THE WINDING STAIRS
On the outskirts of Traer, you're greeted with a sign saying "Welcome, Wind Up in Traer" with an image of a spiral staircase. This historic Winding Stairs landmark can be found in downtown Traer twisting up as high as the street lights to a second story building which once housed the Traer Star-Clipper Newspaper office.
A HISTORY OF TRAER'S FAMOUS
E.E. Taylor and the Winding Staircase
In 1894, when E.E. Taylor, publisher of a weekly newspaper, had to rebuild his newspaper office after a destructive fire in the spring of that year, he decided to rebuild a two-story structure and situate the newspaper on the second floor. The first floor was rented out for extra income. Rumor has it that the reason for locating the newspaper office on the second floor was to discourage passers-by from wandering in so often to visit and interrupting his work.
Most of the brick buildings constructed at that time were 20 feet wide but the lot for the Star-Clipper building was only 18 feet wide. Because of the space needed for the printing machines, Mr. Taylor could not build an inside stairway to his business. The problem was solved when he decided on an outside stairway. Burlington Iron Works of Burlington, Iowa was employed to build an iron stairway to the public newspaper entrance on the second floor.
The stairway makes 1 1/2 revolutions, consists of 23 steps and weighs 2,000 pounds. Originally the stairway stood close to the building and ran to a small landing outside the office entrance. In 1916, Traer voted to widen the existing sidewalks. Some members of the town council wanted Mr. Taylor to remove his stairway. Taylor would agree to this if the council could figure out another public entrance to his newspaper office. Since no solution could be found, it was decided to move the stairway to the curb and employ Burlington Iron Works again to construct a catwalk to run above the sidewalk from the stairs to the entrance. This is how the present structure stands.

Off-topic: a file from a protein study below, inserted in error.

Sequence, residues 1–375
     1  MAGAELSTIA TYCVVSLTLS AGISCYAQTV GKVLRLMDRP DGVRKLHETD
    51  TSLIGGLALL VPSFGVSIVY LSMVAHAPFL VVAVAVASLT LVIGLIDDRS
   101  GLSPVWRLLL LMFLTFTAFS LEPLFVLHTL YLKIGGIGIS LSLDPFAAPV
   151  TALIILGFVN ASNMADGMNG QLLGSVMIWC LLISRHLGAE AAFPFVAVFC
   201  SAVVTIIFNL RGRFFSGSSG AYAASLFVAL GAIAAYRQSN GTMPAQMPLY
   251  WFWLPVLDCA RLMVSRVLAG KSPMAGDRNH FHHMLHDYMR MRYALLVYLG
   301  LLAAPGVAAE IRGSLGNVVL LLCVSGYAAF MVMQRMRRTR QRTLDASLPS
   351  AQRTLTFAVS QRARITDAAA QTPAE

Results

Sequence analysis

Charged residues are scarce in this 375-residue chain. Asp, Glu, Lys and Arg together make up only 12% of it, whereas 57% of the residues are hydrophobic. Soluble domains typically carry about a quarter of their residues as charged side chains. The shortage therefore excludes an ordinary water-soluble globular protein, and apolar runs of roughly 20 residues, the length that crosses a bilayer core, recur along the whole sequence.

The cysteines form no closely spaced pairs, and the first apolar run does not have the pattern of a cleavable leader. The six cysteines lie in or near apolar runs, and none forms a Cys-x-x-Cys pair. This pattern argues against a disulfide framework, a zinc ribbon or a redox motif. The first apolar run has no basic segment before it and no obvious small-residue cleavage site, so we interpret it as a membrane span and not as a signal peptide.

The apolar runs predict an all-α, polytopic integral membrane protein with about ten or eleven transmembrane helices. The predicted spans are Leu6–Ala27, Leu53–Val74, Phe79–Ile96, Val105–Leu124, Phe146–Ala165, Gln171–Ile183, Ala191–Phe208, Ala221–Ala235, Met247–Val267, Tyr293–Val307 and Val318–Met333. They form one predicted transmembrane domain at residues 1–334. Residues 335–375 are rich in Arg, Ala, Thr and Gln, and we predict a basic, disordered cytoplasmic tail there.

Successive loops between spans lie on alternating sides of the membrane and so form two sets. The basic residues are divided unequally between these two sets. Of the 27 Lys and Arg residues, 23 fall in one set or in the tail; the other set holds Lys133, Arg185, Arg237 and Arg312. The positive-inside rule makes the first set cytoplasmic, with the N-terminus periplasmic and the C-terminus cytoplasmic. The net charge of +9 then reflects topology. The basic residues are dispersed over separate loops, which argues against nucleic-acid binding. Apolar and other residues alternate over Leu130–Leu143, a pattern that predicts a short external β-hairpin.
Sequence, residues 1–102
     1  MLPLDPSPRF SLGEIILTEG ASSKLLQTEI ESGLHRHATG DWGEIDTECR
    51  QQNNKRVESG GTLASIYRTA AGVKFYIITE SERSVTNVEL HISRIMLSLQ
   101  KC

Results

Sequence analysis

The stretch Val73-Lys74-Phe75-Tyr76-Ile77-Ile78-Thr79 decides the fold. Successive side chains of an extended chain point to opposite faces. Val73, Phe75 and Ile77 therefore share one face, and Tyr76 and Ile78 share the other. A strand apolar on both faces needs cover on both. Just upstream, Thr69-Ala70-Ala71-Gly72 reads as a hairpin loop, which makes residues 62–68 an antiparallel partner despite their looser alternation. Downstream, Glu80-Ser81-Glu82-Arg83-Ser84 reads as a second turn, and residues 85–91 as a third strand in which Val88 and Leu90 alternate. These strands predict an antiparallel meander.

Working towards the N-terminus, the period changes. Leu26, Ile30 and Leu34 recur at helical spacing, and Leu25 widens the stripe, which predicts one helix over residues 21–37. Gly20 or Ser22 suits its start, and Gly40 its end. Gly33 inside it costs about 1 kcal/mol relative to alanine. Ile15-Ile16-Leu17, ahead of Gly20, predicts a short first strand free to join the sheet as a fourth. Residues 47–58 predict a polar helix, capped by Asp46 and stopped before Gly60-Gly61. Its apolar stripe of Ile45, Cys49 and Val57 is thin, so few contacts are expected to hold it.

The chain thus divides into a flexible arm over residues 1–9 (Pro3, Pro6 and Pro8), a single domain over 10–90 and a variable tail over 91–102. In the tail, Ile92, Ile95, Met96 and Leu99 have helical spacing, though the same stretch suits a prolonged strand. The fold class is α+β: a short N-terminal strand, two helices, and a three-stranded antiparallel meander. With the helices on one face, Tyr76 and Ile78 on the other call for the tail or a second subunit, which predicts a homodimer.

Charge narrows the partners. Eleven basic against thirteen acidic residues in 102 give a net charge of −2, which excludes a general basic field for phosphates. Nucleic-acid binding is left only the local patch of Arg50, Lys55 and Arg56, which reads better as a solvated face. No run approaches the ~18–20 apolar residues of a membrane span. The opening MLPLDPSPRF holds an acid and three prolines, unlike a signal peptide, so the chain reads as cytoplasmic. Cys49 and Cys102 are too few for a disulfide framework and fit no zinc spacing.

The Traer Winding Staircase is believed to be the only one of its kind extending over a public sidewalk. In 1903, Colonel Lafayette Young, Sr. publisher of the Des Moines Daily Capital, who served a term in the U.S. Senate, said he had traveled all over the world and had never seen anything like the Star-Clipper spiral stairway.
Winding Stairway Repaired
In January 1975, an end loader struck the Winding Staircase while removing snow and snapped off the five lower steps. For the two years previous to this incident the Traer Chamber of Commerce had been trying to find someone who would repair the staircase as it was rusting and deteriorating. The Burlington Iron Works was not interested in the repair project and to make matters worse, the molds for the staircase had been destroyed. Other foundries were contacted but they too declined to help.
After reading about the Traer Winding Staircase problem in the paper, a welder from Voorhies, a town ten miles north of Traer, came to take a look to see if he could help. After finding out the iron was wearable, Gary Frahm and his father/partner, Bob, agreed to tackle the job. A crane from a local implement dealer hoisted the staircase onto a flatbed truck while a steel support tripod held up the catwalk that would be repaired at a later date. Frahm contracted out for the missing handrails that were cast by the Warren Corporation at Manchester, Iowa. They were to match the old rails in every detail. Several weeks later the project was completed and re-erected for a total cost of $4,000.